The article by Lois Elfman on the education panel was very interesting. We certainly do need to do something to improve education in the USA! However we cannot rely on the federal government to do everything for us. Who knows what is best for the students? The school they attend, the community in which they live, and therefore the individual state in which the community is located and which is responsible for guidance and funds. Put more responsibility in the hands of the states and the voters.
With a quality education almost everyone could go to college, but should they? Nowadays it seems that the stress of educational institutions is college for everyone. From observation of many who have crossed my path, this emphasis is badly directed. Some start college and quit.Some go into business for themselves in a variety of fields because they would prefer to work outdoors or work with their hands: cabinetmakers, auto mechanics, tool makers, landscapers, building contractors, etc.
Education, yes! College, maybe. In my view educational offerings need to be broader. High school should give everyone a good basic education in reading (literature), writing (essays, reports, business documents, etc.) and math and science— preparation for any field of the student’s choice including college.
—Helen Cornell Koenig ’42
When I read “Homecoming Dean,” I was overcome by acute nostalgia for my days at Barnard. As a recent graduate, the words “coming home to Barnard” resonated strongly with me. I am proud to be part of a college with alumnae, like Dean Hinkson, who are connected and tirelessly devoted to improving Barnard. I am thrilled Dean Hinkson has come home and I am sure she
will make Barnard stronger and more beautiful.
Barnard will always be a special place for us alumnae despite the number of years passed since we left those majestic iron gates. I hope that my fellow alumnae feel connected to Barnard each and every day as I do.
—Sonal Kumar ’11
I hope you’ve received an avalanche of notes from alumnae about the elegant, good-to-read Barnard Magazine you are now turning out. For years I thought that Barnard’s efforts in this arena were lightweight and poorly presented. I occasionally grumbled to friends, wondering why the College tolerated such an embarrassing publication. It’s always tricky, I’m sure, to showcase a school’s many and amazing strengths without sounding complacent or like a cheerleading claque. In any case, be assured that you’ve found a fine, engaging balance. I especially appreciate those happy young male philosophers on the cover of the Spring 2011 issue. There’s a gorgeous (institutional) confidence in that cover—and in the story, too, of their tight supportive friendship (a bond which feminists can enjoy in men) and of Barnard’s decision to find a way to hire the two of them....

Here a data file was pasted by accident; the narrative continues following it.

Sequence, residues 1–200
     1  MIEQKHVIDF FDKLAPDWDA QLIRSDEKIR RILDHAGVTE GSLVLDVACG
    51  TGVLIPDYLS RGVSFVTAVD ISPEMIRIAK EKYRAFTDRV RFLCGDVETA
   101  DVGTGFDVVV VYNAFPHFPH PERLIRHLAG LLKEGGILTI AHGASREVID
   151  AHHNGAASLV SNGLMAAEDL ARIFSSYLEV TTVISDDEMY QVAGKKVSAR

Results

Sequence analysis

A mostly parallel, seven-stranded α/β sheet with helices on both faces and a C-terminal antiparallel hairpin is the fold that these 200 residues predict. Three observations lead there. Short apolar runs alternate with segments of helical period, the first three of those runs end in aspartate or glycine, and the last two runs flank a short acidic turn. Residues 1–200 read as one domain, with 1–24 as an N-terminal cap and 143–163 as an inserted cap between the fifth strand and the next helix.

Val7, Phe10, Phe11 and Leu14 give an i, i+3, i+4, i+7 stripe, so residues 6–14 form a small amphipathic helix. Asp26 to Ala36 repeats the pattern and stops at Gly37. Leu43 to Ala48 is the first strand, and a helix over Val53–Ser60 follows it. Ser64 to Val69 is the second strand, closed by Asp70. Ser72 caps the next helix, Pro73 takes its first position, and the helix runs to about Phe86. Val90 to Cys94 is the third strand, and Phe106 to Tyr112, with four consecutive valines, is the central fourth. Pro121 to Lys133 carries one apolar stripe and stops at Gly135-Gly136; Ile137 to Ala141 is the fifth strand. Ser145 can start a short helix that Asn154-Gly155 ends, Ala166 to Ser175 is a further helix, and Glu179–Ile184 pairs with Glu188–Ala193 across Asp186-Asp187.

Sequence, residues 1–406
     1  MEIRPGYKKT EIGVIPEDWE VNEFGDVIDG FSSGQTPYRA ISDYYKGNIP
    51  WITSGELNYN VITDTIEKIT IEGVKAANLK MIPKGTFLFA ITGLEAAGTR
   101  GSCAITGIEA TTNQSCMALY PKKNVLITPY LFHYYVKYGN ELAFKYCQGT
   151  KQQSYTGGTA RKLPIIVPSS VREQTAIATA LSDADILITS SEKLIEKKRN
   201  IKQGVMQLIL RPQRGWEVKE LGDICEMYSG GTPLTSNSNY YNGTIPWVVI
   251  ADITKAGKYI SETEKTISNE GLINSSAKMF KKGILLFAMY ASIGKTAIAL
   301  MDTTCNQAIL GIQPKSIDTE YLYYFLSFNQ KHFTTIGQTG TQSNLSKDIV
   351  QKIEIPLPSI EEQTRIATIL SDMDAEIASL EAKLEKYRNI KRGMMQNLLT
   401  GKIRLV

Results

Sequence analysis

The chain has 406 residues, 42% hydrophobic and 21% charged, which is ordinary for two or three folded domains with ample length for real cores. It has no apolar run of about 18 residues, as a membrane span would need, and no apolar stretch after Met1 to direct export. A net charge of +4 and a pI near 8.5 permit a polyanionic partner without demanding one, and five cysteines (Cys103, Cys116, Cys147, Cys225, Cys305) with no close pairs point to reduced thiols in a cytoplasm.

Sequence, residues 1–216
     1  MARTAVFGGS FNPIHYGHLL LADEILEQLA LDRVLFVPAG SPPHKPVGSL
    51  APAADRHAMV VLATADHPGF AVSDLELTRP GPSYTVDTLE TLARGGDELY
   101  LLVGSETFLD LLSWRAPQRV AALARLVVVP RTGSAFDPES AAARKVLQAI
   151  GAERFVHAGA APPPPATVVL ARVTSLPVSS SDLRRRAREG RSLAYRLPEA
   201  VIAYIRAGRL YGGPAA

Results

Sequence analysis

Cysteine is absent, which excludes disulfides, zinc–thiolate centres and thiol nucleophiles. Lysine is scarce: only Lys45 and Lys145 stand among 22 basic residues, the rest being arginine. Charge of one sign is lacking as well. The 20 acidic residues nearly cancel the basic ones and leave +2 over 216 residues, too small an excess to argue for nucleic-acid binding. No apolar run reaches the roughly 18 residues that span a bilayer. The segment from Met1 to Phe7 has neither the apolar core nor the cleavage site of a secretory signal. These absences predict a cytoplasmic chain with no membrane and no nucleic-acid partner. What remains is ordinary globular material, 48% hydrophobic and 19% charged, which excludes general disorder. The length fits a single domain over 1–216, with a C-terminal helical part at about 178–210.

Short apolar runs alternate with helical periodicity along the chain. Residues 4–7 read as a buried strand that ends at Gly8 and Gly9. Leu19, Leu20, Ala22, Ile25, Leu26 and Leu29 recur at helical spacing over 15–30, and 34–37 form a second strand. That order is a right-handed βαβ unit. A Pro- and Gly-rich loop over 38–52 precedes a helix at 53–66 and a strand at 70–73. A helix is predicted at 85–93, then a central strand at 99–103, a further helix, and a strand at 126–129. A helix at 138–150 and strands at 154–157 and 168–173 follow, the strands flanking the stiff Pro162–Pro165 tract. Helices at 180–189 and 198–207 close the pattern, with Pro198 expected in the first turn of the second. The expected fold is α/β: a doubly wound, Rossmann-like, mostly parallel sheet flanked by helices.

—Doris Platzker Friedensohn ’58
Professor Emerita of Women’s Studies, New Jersey City University
Thank you for the article on alumnae in the military. I took “Modern Constitutional Democracy” (AKA government 1) with Professor Morrison my first year (1964–65). I remember her saying that the Pentagon had plans for the time when women would be subject to the draft. I thought she had “jumped the string bean.” I graduated in 1968 when pride in our military was zero on campus. I am so glad to have lived to see women serving as peers with men and—gasp—
being honored by our college community.
— Rosemary Jablonski Ford ’68
Chapel Hill, NC
I think the Spring 2011 issue of Barnard Magazine was one of the best. The alumnae in military piece were inspiring, uplifting, and, I daresay, riveting. The Greek Games, memories—so vivid after all these decades—were almost as good and positively delightful to read. Hopefully, the revival will generate similar future goodwill three or four score years hence.
—Christopher F. Graham, widower of Theresa Smith Graham ’75
Bedford Corners, NY
So, Greek Games is back. Good! Now a College Song Leader should also be resurrected.
I attend meetings of Barnard in the Midwest. We meet in Minneapolis twice a year. Our get-togethers include the singing of either “Beside the Waters of the Hudson” or “Just Up the Banks of the Hudson.” (Aside: I led “Beside the Waters of the Hudson” at an assembly when Eleanor Roosevelt was the speaker.)
There’s nothing like singing a Barnard school song to mellow out a group of old grads. Undergrads need to sing these songs before they graduate! And we should sing them at Reunion too. Bring back the College Song Leader!
—Verna Beaver ’43
Saint Paul, Minn.